Big Data & Analytics Heroes

Jake Porway

Founder and Executive Director of DataKind

Jake Porway, founder and executive director of DataKind and this week’s Big Data & Analytics Hero, shares that they’ve found that "cross-sector collaborations between data scientists, managers, designers, foundations, nonprofits and more are critical for really making lasting change.” When we all come together and lock elbows we can use data to really make a difference. 

How can big data combined with analytics improve the world we live in in 5 to 10 years?

There are simply untold opportunities to use data and analytics to improve our world. As the founder and executive director of DataKind (a nonprofit tackling the world’s toughest challenges through data science) I get to see socially conscious data scientists and visionary nonprofits using data in a myriad of exciting, exotic and philanthropic ways every day to make the world a better place.

One of the reasons big data and analytics can improve the world now is that we’re entering a new era of data ubiquity. Just as the 1990’s saw computing spread to new non-technical disciplines, every field today is having its "data moment," making any nonprofit with a mobile phone program just as much a "data" company as a tech startup. Even if a nonprofit isn’t collecting data itself, publicly available government data like the U.S. Census or social media data from Twitter and Facebook could inform their work or help them better advocate for their stakeholders. In fact, the same algorithms and techniques that companies use to boost profits can be leveraged by nonprofits to further their missions, from battling hunger to advocating for child well-being and more.

There’s also one other really key ingredient that we see At DataKind for creating world change through data: people. They are the true Big Data Heroes. Many people still view data and data science as “magic” or something wielded by “techies,” but we’ve found that cross-sector collaborations between data scientists, managers, designers, foundations, nonprofits and more are critical for really making lasting change. We’re lucky to have worked through our many diverse Chapters around the world and DataKind’s volunteer network to test and hone new ways of forming data-driven teams for social change. I’m constantly blown away by the passion and dedication these data professionals have to use their skills to give back. I envision a day in which pro bono is just as much a part of the data science profession as it is for pro bono law.

Bringing together interesting data, analytics and the right mix of people with both the data science and issue area expertise to breathe life into the 0s and 1s—now that’s a winning combination to improve the world.

What "gold nuggets" have you uncovered using big data and analytics?

DataKind has already completed over 30 projects with inspiring changemakers around the globe that have all had great “gold nugget” findings, so it’s hard to pick just one. For example, we worked with Amnesty International to see how their 25 years of data from their Urgent Action Network could be used to better predict future human rights violations. We also used mapping technology and open government data to improve the work of child wellbeing advocacy organization DC Action for Children, who is now using that tool to inform policy in the district. In each case, the insights and efficiencies gained from using data science has helped transform the work of nonprofits large and small across a wide variety of issue areas.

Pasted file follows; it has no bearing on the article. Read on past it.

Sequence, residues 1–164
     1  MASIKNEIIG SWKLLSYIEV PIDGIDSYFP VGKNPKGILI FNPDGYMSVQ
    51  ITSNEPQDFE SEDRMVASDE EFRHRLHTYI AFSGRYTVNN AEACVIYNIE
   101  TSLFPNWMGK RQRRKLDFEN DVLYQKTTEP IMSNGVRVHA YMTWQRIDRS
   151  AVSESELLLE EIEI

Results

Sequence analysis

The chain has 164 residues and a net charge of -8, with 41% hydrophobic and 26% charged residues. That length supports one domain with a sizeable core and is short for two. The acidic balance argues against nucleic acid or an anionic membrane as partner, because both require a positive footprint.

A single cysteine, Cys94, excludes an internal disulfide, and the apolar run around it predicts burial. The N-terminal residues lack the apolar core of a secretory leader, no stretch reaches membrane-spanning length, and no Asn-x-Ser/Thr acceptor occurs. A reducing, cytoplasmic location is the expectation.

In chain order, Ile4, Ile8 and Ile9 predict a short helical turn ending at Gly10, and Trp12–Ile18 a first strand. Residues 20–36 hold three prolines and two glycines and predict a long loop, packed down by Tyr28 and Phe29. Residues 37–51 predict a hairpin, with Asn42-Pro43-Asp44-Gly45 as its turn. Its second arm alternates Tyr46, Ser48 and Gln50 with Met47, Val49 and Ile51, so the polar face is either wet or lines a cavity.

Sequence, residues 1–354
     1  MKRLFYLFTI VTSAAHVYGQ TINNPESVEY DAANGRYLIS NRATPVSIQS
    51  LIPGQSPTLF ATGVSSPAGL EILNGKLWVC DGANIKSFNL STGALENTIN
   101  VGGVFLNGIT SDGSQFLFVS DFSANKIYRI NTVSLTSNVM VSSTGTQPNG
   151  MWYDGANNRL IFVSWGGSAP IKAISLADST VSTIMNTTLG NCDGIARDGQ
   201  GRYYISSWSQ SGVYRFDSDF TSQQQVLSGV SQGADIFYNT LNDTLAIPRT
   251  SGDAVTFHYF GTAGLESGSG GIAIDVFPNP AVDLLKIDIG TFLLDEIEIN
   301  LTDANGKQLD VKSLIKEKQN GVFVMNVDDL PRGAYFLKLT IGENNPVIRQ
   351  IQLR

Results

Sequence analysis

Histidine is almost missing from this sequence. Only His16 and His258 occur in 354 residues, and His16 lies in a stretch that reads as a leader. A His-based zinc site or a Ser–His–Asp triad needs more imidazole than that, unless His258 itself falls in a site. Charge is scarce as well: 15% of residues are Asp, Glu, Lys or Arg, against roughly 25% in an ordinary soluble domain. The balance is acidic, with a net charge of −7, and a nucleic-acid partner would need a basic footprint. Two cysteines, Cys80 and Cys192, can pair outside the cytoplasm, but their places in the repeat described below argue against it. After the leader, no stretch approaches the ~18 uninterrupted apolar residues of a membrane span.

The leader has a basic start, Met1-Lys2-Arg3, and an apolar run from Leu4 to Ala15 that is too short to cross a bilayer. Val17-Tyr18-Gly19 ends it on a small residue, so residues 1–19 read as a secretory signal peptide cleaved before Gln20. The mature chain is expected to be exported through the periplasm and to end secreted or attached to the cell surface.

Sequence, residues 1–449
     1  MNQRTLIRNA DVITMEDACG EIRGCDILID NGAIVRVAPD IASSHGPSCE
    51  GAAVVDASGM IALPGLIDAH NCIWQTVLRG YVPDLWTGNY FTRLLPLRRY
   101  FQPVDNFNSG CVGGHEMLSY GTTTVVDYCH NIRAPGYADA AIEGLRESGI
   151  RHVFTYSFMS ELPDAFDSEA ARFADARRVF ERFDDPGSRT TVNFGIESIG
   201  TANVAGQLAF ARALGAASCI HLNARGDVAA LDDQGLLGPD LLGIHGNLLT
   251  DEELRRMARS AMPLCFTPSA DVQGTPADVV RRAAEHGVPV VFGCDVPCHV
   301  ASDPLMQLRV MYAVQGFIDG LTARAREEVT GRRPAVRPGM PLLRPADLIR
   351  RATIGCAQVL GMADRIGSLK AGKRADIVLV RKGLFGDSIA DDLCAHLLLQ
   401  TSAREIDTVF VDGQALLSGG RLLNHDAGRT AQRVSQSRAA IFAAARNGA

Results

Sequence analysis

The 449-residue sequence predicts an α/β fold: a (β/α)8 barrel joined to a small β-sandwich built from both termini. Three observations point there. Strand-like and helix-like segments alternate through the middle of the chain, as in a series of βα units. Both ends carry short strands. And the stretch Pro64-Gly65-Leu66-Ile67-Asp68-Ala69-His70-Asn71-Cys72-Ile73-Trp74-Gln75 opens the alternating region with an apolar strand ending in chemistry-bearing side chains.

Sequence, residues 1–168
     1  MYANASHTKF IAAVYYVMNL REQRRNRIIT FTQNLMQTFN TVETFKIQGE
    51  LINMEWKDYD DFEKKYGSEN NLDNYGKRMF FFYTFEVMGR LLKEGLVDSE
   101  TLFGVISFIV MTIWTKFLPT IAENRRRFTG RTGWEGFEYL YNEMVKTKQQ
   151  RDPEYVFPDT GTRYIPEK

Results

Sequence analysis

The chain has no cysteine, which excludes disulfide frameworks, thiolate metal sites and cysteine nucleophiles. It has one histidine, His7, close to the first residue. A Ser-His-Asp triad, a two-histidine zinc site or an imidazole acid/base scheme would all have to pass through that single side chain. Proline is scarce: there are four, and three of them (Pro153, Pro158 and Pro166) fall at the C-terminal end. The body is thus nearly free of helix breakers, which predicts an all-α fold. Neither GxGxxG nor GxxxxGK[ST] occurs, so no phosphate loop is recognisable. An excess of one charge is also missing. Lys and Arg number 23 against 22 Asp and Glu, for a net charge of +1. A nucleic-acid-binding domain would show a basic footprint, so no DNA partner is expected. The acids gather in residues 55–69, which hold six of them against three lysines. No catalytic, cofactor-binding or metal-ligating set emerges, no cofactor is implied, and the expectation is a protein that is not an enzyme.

In fact, one of our current long term projects is with a fantastic organization called Crisis Text Line, a free, 24/7 text line available nationwide that connects teens in crisis to trained specialists. Their project will leverage Crisis Text Line’s extensive data from more than four million messages between teens and specialists to design a system to route teens more quickly to the right kind of support they personally need. This is a follow up project to one we completed last year that helped Crisis Text Line improve a key survey to gather even more critical data on teen’s interactions that is now helping to inform their current project with us. It may sound grandiose or fluffy to say it, but data can potentially help save lives.

For those looking for more stories of all the ways data science can be used to change the world, we have all of our case studies online featuring the work of our amazing volunteers.

What is the market still missing for big data and ­analytics to really deliver ROI?

Data literacy is by far the biggest gap to delivering ROI, whether your return is profit or social impact. We’ve made great strides in making data more available and accessible through APIs, distributed databases and new big data technologies. However, many organizations still lack an understanding of how that data can be harnessed for insights and how that fits in with their business process. Additionally, the skills gap looms large. There are simply too few people with the combination of computing and statistical skills to employ data science effectively in all the places it is needed. At DataKind we are actively committed to filling the skills and literacy gaps for social organizations, but I think the market overall is going to be struggling with these challenges to delivering results from data science for the next few years, at least.


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